Chapter 7

In this chapter, I will evaluate the research process (section 7.1) and the process of extracting information from the notes I wrote during the interviews (section 7.2).


Research Process

As this research has been performed to form a basis for my Master’s thesis and thus mainly for my own sake, I probably haven’t been as diligent in ensuring the quality of the research process as I might otherwise have been.


Time, or Lack of It

An important aspect for all research is time. A few times during the planning and implementation of the research process, I was too optimistic when estimating the time needed to complete a task. Each time I had mis-estimated, the task at hand included contact with the interviewees or other people (e.g. switchboard operators). There were mainly two occasions where I underestimated the time need. One occasion was when I tried to get participants for the research; explaining the reason for my call and getting in touch with the right person took more time than I had thought. The other occasion was when I needed the interviewees to verify the interview transcriptions; some answered very quickly, while some used more time before returning an answer. There was also one occasion where I made a good time estimate: I scheduled the interviews one hour apart. Few of the interviews lasted that long, and I could spend the extra time left before the next interview making additional notes or preparing for the next interview.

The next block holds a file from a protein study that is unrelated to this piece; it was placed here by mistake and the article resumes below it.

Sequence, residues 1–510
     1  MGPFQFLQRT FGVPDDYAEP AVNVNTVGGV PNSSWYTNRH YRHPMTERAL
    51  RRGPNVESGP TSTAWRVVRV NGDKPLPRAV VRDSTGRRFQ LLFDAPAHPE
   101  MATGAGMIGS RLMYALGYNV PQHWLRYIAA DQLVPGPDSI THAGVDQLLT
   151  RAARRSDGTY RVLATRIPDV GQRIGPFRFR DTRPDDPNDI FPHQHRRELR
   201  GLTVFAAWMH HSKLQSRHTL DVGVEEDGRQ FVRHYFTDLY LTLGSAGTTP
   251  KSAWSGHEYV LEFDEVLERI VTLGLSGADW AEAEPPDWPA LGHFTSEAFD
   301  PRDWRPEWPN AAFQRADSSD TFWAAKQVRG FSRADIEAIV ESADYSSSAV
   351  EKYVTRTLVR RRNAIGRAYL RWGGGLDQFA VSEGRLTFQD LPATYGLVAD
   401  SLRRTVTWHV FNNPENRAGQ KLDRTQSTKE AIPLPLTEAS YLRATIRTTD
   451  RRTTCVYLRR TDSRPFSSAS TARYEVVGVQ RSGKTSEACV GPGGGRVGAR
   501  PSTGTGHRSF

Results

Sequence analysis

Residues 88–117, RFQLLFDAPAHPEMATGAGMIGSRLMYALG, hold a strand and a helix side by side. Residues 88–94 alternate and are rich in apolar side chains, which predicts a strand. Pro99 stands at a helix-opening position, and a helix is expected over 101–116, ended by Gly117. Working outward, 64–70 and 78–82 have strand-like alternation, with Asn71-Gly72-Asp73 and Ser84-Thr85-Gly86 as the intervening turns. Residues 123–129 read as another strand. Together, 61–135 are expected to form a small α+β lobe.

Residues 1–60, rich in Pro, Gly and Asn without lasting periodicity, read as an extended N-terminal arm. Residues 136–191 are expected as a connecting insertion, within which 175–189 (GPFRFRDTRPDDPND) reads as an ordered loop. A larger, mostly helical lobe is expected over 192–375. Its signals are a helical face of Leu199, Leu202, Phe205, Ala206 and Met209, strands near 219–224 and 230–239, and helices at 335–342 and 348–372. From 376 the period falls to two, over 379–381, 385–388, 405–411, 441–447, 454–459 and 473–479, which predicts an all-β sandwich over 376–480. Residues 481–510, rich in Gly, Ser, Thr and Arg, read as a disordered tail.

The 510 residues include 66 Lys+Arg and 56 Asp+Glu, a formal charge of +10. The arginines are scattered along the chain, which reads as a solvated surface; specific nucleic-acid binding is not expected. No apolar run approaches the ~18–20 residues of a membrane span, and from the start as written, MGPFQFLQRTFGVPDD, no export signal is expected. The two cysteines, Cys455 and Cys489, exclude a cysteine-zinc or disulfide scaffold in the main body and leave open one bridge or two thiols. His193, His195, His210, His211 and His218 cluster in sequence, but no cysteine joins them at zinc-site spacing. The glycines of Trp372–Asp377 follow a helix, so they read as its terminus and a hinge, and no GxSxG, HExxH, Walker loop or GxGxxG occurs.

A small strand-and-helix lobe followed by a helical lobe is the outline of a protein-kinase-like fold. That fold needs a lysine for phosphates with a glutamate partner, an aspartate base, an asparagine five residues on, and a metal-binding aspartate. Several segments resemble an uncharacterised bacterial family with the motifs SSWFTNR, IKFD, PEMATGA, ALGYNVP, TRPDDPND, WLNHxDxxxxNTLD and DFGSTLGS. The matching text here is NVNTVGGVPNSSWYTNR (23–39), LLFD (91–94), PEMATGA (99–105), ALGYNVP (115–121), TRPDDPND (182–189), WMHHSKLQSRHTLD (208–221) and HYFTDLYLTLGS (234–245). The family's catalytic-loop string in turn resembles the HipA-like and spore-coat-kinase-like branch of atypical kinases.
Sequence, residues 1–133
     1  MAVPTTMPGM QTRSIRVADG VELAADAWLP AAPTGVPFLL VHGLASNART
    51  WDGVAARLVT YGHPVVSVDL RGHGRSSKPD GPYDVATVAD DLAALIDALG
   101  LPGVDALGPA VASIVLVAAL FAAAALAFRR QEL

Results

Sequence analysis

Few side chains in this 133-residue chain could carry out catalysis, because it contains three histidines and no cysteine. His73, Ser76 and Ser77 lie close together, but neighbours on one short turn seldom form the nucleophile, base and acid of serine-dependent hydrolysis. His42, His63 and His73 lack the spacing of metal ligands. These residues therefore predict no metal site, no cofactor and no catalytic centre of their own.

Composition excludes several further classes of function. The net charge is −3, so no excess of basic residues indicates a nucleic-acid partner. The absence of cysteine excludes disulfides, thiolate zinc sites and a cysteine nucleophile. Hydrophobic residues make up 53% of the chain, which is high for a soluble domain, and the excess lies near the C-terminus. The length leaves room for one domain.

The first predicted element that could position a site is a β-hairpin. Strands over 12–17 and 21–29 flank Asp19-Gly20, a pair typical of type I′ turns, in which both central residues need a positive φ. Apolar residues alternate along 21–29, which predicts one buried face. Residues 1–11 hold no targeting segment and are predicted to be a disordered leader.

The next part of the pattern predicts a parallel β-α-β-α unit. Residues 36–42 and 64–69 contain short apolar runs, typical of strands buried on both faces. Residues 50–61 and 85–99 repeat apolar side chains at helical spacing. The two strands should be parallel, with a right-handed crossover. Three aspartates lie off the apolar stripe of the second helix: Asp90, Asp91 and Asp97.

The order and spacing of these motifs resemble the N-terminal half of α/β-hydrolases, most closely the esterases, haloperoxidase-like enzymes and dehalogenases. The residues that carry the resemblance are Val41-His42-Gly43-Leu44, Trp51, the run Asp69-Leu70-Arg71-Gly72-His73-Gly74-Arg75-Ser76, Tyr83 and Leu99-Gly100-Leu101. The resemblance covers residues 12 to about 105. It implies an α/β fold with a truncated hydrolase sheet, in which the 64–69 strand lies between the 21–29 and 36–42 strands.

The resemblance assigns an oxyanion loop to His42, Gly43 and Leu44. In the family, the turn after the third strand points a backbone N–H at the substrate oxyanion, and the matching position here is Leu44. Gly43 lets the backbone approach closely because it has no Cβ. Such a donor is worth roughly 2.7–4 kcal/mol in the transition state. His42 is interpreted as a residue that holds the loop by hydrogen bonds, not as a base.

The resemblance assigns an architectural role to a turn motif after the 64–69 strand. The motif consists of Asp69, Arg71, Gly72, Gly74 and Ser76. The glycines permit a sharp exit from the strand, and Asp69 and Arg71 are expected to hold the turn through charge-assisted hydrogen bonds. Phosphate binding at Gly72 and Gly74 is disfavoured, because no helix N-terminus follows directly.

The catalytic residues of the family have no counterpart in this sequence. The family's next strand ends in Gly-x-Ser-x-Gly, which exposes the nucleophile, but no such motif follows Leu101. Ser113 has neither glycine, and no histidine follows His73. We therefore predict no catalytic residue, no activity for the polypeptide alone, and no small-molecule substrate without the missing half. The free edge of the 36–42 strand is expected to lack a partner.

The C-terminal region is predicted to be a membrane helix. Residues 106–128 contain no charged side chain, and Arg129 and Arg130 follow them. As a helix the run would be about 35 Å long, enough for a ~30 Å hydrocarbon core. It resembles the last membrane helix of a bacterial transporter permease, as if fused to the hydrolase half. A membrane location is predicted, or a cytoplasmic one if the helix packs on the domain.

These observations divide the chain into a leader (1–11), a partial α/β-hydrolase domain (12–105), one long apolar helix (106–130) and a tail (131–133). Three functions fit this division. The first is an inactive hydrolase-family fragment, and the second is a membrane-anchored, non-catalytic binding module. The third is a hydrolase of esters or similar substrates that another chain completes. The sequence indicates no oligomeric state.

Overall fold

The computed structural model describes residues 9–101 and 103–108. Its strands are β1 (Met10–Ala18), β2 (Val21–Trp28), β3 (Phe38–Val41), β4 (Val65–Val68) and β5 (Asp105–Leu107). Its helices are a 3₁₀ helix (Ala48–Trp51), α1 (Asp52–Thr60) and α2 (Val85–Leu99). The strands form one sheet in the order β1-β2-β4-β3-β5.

Sample Selection

When I was trying to get participants for the research, I started with a list of 53 companies. This was reduced to a list of 25 companies where someone had agreed to participate. The most often cited reason for not participating was a lack of time. I had expected a higher rate of participation, although I was aware that time is a valuable resource in software development. The process of getting participants for the research was time consuming, and most of the time was spent (unsuccessfully) trying to reach the right person at the right time. The list of 25 participants was reduced to 24, as one of the interviews could not be conducted. This was because I was unable to reach the interviewee over the telephone at the scheduled time and date, over the telephone at subsequent times and dates, and via e-mail. I don’t know why this happened. In spite of several messages left at his answering machine and messages given to the switchboard operator, and one e-mail message, I have not yet received any response from the person in question.


Selecting the Right Research Method